Brendan is on vacation this week so we are reprinting this article from September 26, 2013. It is also one of the over forty columns in his new book “The Best OF A F.O.O.L. In New Hampshire” which will be out next week.
As I reach the winter of my fifty-seventh year I admit that I don’t have the get up and go that I had when I was seventeen. In fact, I don’t have the get up and go I had when I was forty-seven.
For a lot of men my age, “get up and go” is something that they deal with a few times in the middle of the night. I think that too much “get up and go” at the wrong time leads to not enough actual get up and go when it is really needed.
Of course, it is important as you age that you try to keep up some sort of exercise regime. Getting exercise and moving around is more important as we get older. (Note: for you men “get up and go” does not count for exercise.)
I have, through my life, always been aware of the need to exercise. That doesn’t mean I’ve always done it, it just means I have been aware of the need.
Recently, we purchased a treadmill and put it in the basement.
Legend has it that people buy treadmills with the best intentions but then soon lose interest. This can be verified by going to any yard sale. Nine out of ten times you will see a used treadmill or some other expensive piece of exercise equipment for sale. It is easy to negotiate a price with the owners, who are usually at the yard sale eating doughnuts, since they will do anything to get rid of the beast and not have to drag it back into the house. In fact, getting the damned thing out of the house and onto the lawn in the first place is most likely the most exercise they have gotten with the machine in a few years.
Up to this point, we have made good use of our treadmill. If we are not walking or running on it, we occasionally use the handles to hang wet clothes that are not meant for the dryer.
It’s been almost a year since we bought it and I use the treadmill a good four or five times a week. I do enjoy it more than when I used to belong to a gym.
Buying a gym membership is similar to buying an exercise machine. It is usually done with great intentions but then, after a few tries, other things get in the way, like the new season of “American Idol.”
Unfortunately, you cannot get rid of a gym membership at a yard sale.
I was never much of a weight guy when I was at the gym, but I would occasionally drift into the Nautilus Room. This is where you could, using odd-looking machines and equipment, tone up parts of your body you didn’t know you could tone.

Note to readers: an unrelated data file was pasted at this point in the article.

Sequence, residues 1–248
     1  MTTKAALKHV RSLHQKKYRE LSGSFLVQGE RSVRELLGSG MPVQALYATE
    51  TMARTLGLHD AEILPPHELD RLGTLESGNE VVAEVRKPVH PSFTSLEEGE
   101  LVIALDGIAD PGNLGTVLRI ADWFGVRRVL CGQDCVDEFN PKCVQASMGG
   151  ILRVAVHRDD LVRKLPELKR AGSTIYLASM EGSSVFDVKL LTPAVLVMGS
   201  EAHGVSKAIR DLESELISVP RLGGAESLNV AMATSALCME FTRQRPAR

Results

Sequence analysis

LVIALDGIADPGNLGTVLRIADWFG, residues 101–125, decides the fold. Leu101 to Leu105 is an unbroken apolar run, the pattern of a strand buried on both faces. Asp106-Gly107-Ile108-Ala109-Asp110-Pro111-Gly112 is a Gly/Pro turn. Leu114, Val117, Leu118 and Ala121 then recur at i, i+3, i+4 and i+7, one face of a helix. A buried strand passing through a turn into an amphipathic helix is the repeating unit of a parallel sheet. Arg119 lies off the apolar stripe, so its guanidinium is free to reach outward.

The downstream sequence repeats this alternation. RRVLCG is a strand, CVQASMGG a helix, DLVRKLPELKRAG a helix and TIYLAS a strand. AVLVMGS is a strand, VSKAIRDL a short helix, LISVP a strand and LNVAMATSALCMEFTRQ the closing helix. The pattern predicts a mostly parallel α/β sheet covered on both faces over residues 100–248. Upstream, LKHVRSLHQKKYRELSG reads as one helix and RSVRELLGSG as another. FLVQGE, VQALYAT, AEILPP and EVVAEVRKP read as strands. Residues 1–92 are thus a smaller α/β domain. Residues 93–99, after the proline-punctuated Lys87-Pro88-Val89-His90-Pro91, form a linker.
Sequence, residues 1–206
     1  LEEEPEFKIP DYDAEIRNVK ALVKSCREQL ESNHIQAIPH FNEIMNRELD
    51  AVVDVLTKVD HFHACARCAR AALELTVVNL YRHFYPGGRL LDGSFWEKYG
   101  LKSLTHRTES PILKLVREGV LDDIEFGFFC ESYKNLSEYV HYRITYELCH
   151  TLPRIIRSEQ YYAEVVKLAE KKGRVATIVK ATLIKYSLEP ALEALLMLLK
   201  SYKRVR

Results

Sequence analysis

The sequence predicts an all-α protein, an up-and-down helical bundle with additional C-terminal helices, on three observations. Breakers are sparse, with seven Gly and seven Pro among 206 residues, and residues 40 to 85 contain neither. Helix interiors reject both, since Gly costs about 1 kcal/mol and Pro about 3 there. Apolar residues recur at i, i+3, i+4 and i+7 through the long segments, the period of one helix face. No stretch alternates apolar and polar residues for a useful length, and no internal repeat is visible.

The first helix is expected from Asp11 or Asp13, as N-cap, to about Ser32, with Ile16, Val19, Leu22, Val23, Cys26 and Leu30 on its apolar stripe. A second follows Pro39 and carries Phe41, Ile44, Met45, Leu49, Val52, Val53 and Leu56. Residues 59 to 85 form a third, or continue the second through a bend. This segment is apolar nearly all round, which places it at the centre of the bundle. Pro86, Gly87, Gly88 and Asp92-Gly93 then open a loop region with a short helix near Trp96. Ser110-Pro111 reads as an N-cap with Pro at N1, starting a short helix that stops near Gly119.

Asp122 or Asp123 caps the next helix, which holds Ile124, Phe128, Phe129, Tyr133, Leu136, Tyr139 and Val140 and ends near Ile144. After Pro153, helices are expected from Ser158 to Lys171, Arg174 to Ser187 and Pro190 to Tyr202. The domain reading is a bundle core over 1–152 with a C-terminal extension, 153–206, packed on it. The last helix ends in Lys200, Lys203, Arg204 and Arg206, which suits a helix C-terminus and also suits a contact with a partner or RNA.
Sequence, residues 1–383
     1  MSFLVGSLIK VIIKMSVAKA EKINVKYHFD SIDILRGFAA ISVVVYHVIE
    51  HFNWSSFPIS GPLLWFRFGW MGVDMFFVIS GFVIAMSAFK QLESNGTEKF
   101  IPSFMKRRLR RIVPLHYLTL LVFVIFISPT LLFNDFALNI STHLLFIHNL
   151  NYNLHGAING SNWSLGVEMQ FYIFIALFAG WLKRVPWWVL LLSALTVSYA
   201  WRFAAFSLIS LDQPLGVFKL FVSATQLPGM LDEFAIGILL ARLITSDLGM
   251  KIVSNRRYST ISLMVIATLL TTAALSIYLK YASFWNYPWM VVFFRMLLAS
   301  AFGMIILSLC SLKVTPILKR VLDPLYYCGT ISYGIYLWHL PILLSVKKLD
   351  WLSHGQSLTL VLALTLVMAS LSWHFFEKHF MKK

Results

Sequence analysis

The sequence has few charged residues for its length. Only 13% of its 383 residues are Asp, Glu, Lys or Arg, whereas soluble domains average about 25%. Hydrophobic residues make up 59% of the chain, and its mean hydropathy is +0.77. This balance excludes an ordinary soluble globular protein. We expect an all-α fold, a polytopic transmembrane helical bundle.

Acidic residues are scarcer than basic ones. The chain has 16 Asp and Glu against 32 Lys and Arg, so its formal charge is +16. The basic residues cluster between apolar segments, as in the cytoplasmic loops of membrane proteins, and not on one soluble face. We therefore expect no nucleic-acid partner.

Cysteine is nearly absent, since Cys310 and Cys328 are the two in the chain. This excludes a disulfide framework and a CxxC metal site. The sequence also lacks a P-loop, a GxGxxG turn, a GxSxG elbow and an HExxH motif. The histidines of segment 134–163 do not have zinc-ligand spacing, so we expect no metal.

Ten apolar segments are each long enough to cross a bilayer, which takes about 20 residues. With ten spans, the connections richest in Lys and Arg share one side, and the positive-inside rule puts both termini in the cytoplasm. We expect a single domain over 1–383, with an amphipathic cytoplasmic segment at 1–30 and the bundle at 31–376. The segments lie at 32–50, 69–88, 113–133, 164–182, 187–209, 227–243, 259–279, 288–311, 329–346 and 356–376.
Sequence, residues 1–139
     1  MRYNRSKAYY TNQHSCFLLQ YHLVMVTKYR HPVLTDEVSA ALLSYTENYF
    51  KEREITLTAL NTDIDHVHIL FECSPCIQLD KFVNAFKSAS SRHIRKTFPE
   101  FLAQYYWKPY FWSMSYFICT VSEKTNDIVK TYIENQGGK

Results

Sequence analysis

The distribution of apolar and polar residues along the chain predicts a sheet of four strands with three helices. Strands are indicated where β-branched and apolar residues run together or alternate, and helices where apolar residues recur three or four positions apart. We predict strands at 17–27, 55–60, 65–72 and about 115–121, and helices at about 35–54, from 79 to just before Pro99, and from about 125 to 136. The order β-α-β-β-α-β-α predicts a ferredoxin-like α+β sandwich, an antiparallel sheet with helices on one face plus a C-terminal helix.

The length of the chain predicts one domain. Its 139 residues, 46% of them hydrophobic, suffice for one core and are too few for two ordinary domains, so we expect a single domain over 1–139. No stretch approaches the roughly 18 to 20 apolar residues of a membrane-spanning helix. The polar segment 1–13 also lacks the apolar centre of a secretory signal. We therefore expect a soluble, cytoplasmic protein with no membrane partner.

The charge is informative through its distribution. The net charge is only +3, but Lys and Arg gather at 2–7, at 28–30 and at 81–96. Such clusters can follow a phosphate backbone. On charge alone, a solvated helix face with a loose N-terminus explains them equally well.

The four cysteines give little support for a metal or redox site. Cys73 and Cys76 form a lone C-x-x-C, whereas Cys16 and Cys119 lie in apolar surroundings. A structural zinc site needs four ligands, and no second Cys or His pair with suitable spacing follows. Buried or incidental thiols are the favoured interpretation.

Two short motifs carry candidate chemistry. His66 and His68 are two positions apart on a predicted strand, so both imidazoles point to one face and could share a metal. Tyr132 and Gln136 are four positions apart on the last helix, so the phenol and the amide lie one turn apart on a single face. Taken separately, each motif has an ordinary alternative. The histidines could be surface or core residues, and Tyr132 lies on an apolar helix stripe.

“Man, look at the muscles on that guy’s index finger.”
“Ears are looking good, Joe!”
The Nautilus machines are stressful. If you don’t adjust them properly, it is all for naught. Once, I was using a chest machine for two weeks and had the seat level on 3. I was told by an instructor that it really should be on 2. It was clear that my chest wasn’t getting any bigger. I failed to notice, until it was too late, that my right shoulder was now big enough to play a game of chess on.
Once, I mistakenly went into the free weight room. Guys, the size of Mount Washington, wearing large leather belts were lifting Mini-Cooper sized weights over their heads with one hand.
All eyes turned towards me.
In order to keep my pride, I went to the largest dumbbell (the weights, of course) and lifted it over my head without thinking. After I put it down, I got a thumbs up from the Mount Washingtons and then quietly left.
My arm and neck were sore for two weeks. I never dared cross into the free weight room again.
I used to use the sauna at the gym, it seemed like a real benefit since it was something you couldn’t do at home. After a few months of spending ten minutes in a room with a lot of hot, sweaty, naked guys, the benefit of it suddenly eluded me.
At fifty-seven, I’m happy with just the treadmill and so is my doctor. It is because of his insistence that I sometimes force myself to get on the thing. Still, once I am done with a workout I do feel great and glad I did it.
The doctors have also told me I shouldn’t go crazy trying to lift heavy things so I guess I’m stuck with it since I’d never be able to get it out onto the lawn for a yard sale.
Brendan’s new book “The Best Of A F.O.O.L. In New Hampshire” will be published soon. Hear some of the stories at www.foolinnh.com